Le più grandi sciagure dell’umanità sono state originate da chi ha voluto semplificare la vita pianificando il mondo.

Giovannino Guareschi

martedì 29 maggio 2012

Translation of the post of May, 27

VII World Meeting of Families


In preparation for the VII World Meeting of Families to be held in Milan from May 28, 2012 and will end with the Pope's meeting in Bresso Sunday, June 3, we propose an extract of the discourse of His Holiness Benedict XVI at the opening of the Conference of the Church diocese of Rome on FAMILY AND CHRISTIAN COMMUNITIES held at the Basilica of St. John Lateran Monday, June 6, 2005. Here is a step in the Pope's speech:

"The anthropological foundation of the family

Marriage and the family are not in fact a chance sociological construction, the product of particular historical and financial situations. On the other hand, the question of the right relationship between the man and the woman is rooted in the essential core of the human being and it is only by starting from here that its response can be found.
In other words, it cannot be separated from the ancient but ever new human question: Who am I? What is a human being? And this question, in turn, cannot be separated from the question about God: Does God exist? Who is God? What is his face truly like?
The Bible gives one consequential answer to these two queries: the human being is created in the image of God, and God himself is love. It is therefore the vocation to love that makes the human person an authentic image of God: man and woman come to resemble God to the extent that they become loving people.
This fundamental connection between God and the person gives rise to another: the indissoluble connection between spirit and body: in fact, the human being is a soul that finds expression in a body and a body that is enlivened by an immortal spirit.
The body, therefore, both male and female, also has, as it were, a theological character: it is not merely a body; and what is biological in the human being is not merely biological but is the expression and the fulfilment of our humanity.
Likewise, human sexuality is not juxtaposed to our being as person but part of it. Only when sexuality is integrated within the person does it successfully acquire meaning.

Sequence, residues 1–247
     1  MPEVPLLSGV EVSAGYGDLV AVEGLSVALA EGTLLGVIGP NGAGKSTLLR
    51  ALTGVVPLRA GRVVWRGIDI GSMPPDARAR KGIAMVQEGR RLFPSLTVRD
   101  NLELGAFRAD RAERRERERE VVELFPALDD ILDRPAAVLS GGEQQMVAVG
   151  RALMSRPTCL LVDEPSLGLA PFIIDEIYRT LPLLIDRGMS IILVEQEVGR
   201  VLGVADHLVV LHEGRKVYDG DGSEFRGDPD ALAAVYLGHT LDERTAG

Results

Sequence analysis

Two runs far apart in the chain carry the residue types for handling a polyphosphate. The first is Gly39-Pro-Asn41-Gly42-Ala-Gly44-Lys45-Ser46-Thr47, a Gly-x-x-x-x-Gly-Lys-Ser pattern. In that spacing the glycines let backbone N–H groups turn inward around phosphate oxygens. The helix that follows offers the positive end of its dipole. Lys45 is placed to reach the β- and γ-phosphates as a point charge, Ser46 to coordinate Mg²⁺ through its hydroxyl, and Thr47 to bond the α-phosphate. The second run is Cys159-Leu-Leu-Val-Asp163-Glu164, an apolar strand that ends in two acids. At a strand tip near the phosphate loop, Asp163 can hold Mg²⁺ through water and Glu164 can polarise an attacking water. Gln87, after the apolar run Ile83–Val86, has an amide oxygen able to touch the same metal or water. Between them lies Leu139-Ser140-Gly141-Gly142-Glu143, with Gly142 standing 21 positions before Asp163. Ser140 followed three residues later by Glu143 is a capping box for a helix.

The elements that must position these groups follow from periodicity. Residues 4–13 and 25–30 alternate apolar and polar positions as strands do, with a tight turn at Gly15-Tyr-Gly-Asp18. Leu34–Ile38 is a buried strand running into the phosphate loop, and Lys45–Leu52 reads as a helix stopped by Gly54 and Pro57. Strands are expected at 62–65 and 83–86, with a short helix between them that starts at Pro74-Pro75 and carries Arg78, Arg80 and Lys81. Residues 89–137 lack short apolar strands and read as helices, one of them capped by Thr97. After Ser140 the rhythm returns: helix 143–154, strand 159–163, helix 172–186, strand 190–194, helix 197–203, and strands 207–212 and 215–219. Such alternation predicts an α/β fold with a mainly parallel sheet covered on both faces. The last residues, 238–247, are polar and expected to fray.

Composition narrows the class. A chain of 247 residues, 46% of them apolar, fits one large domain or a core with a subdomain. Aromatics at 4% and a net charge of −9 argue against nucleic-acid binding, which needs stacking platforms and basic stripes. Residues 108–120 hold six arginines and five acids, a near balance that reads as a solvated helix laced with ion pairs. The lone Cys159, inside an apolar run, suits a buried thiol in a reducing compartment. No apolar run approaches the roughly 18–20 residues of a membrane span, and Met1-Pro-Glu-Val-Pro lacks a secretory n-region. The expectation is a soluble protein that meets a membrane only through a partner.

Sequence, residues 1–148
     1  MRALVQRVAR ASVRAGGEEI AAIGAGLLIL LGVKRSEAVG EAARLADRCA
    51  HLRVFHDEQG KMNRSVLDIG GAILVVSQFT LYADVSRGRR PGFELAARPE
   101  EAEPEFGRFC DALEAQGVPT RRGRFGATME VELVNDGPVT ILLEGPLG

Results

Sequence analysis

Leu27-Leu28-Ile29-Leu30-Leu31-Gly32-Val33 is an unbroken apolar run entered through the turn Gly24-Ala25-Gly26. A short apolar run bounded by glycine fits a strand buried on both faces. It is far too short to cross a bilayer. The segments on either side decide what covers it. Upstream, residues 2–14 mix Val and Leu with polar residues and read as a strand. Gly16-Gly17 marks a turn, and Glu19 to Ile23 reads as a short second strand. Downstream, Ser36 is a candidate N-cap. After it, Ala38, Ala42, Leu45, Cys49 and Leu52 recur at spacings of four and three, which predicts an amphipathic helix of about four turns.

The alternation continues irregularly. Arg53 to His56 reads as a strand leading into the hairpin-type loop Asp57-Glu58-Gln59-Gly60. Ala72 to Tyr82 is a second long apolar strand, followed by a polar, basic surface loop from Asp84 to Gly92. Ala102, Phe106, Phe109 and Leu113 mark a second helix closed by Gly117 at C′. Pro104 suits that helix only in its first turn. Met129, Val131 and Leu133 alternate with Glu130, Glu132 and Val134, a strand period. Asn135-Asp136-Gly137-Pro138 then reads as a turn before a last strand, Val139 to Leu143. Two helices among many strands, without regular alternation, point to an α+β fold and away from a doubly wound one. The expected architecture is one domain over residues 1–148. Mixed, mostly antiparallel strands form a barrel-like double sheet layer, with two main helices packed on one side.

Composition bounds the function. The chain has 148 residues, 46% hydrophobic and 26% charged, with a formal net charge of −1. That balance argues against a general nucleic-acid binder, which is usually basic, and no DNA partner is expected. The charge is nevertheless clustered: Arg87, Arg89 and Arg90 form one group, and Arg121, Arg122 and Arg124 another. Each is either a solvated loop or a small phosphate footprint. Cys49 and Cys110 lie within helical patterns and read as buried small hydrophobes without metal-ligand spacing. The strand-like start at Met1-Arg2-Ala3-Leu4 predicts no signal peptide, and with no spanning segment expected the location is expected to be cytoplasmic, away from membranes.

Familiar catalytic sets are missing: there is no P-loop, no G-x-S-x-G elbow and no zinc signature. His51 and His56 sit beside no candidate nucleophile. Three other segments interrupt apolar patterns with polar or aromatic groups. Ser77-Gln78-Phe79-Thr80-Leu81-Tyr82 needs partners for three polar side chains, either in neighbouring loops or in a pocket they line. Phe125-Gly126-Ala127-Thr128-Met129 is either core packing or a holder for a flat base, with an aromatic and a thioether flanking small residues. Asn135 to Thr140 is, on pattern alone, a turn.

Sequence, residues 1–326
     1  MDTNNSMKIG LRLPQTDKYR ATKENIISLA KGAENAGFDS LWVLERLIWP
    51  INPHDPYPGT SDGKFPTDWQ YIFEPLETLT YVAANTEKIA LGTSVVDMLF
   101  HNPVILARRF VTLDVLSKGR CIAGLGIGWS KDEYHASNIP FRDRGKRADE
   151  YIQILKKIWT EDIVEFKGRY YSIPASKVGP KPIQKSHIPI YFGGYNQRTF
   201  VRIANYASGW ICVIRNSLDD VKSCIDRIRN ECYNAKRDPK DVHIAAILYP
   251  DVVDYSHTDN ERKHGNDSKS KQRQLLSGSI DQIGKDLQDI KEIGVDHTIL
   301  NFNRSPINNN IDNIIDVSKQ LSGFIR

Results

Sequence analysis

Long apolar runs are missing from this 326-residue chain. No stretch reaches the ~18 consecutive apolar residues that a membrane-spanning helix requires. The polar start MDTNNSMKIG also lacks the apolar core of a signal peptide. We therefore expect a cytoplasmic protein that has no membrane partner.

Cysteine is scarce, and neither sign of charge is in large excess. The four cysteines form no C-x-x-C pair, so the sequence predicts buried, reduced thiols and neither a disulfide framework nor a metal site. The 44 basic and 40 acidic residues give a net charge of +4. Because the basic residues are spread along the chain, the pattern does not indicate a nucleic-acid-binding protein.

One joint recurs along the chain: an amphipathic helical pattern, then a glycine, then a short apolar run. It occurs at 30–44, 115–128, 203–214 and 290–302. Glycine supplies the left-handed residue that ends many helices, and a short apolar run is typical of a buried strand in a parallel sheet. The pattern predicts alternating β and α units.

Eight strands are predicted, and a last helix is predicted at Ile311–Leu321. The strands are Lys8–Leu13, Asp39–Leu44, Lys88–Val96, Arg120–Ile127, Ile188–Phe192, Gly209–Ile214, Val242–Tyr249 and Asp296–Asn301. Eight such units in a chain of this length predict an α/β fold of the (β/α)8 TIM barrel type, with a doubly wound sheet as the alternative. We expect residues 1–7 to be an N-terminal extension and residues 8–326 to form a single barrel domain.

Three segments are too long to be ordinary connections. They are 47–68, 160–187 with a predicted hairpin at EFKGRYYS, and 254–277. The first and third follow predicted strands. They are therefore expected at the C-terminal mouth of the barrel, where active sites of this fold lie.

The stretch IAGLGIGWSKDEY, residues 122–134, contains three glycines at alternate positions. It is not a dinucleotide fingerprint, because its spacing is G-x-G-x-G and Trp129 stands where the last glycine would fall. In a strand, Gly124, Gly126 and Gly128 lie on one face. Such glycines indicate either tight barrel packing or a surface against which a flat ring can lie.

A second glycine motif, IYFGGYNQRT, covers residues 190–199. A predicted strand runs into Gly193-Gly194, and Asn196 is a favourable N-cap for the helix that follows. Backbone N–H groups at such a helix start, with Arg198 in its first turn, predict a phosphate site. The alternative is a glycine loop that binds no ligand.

Thus, these two links, between the human being with God and in the human being, of the body with the spirit, give rise to a third: the connection between the person and the institution.

Indeed, the totality of the person includes the dimension of time, and the person's "yes" is a step beyond the present moment: in its wholeness, the "yes" means "always", it creates the space for faithfulness. Only in this space can faith develop, which provides a future and enables children, the fruit of love, to believe in human beings and in their future in difficult times.

The freedom of the "yes", therefore, reveals itself to be freedom capable of assuming what is definitive: the greatest expression of freedom is not the search for pleasure without ever coming to a real decision; this apparent, permanent openness seems to be the realization of freedom, but it is not true. The true expression of freedom is the capacity to choose a definitive gift in which freedom, in being given, is fully rediscovered.
In practice, the personal and reciprocal "yes" of the man and the woman makes room for the future, for the authentic humanity of each of them. At the same time, it is an assent to the gift of a new life.

Therefore, this personal "yes" must also be a publicly responsible "yes", with which the spouses take on the public responsibility of fidelity, also guaranteeing the future of the community. None of us, in fact, belongs exclusively to himself or herself: one and all are therefore called to take on in their inmost depths their own public responsibility.

Marriage as an institution is thus not an undue interference of society or of authority. The external imposition of form on the most private reality of life is instead an intrinsic requirement of the covenant of conjugal love and of the depths of the human person.

Today, the various forms of the erosion of marriage, such as free unions and "trial marriage", and even pseudo-marriages between people of the same sex, are instead an expression of anarchic freedom that are wrongly made to pass as true human liberation. This pseudo-freedom is based on a trivialization of the body, which inevitably entails the trivialization of the person. Its premise is that the human being can do to himself or herself whatever he or she likes: thus, the body becomes a secondary thing that can be manipulated, from the human point of view, and used as one likes. Licentiousness, which passes for the discovery of the body and its value, is actually a dualism that makes the body despicable, placing it, so to speak, outside the person's authentic being and dignity."

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